There is an art and ethos in making a great sandwich (see my post on my sandwich-Sensei). Many people see sandwiches as “the quick and easy option” but they can be so much more. In fact, it was while working in a delicatessen that I became a “foodie.” A good sandwich has all of the same character, variations of flavour, and issues of presentation (for both palate, and eye) as do other “fine foods.”
While I am a pesco-vegetarian, I nonetheless prepare meals for my wife who is an omnivore. So I, through both training (albeit decades ago) and as an act of devotion to my family, have become adept at meat dishes as well.
Hot Pastrami and Goats Cheese
- Pastrami 125 g/ 4 oz
- Goats Cheese (Hard Mature) or Gouda 30 g/ 1 to 1 1/4 oz
- Oil splash
- Yellow Prepared Mustard 1 to 2 tsp (according to taste)
- Sweet Gherkin (pickle) 1 to two
- Sauerkraut 1-2 tbs
- Mild Dijon Mustard or Mustard-mayo
- Rye or Whole Wheat Bread 2 slices (you can lightly toast this as an option, though it is not necessary).
Put a small splash of oil in a non-stick frying pan. Bring to medium heat. Place 1/2 of the pastrami slices slightly over-lapping into the pan covering approximately the surface area of a slice of sandwich bread. Thinly slice the cheese and lay it cross grain to the meat, then top with a even smearing of yellow mustard. Top this with the remaining pastrami in positioned in the same orientation of the bottom layer. Flip this with a spatula and allow the cheese inside to fully soften (about 2-3 minutes). Lay out one slice of bread and spread it with the condiment mustard of your choice. Using the spatula place the cooked meat and cheese onto this piece of bread. Place thinly sliced gherkin onto the meat, and then evenly spread the sauerkraut. Take the remaining piece of bread and gently press it into the pan to get a coating of the remaining oil and juices and place the oiled side downward to top your sandwich. Cut sandwich on the diagonal and serve.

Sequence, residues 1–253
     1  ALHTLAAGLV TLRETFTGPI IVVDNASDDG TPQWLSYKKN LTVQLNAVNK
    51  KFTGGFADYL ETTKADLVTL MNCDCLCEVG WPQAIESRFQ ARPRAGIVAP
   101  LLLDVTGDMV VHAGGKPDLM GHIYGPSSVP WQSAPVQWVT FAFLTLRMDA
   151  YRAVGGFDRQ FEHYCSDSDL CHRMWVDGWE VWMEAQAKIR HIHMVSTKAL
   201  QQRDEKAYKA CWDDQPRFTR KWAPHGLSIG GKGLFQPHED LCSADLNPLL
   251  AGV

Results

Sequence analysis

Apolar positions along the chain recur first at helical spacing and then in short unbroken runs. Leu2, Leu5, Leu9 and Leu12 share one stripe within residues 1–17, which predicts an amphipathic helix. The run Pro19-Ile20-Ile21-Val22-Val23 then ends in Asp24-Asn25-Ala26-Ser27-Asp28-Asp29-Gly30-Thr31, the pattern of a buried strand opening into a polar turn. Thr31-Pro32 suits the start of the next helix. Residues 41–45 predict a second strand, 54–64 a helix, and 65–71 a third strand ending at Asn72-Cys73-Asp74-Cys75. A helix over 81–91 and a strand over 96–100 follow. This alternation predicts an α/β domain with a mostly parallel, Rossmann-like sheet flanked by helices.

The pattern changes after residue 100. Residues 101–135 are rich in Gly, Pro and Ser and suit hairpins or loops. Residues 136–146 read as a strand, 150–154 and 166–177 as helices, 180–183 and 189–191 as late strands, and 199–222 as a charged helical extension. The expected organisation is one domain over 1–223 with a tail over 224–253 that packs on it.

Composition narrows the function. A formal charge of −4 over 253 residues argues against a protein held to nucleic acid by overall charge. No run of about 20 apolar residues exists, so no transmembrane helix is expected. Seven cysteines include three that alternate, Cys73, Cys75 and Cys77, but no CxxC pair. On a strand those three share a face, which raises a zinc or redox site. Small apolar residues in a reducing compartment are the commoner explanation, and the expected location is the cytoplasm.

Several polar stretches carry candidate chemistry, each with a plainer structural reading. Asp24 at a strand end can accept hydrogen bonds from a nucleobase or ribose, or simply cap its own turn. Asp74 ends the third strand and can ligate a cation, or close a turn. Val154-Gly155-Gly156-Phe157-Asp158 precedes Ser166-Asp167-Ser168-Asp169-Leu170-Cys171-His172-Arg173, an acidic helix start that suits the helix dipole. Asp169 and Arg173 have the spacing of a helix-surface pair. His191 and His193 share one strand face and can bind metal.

This can also be served without making it into a sandwich, cutting the “fillings” into 9 bite-sized squares with a sharp knife by making 2 cuts in each direction in a tick tack toe board pattern. (Non-bread method illustrated).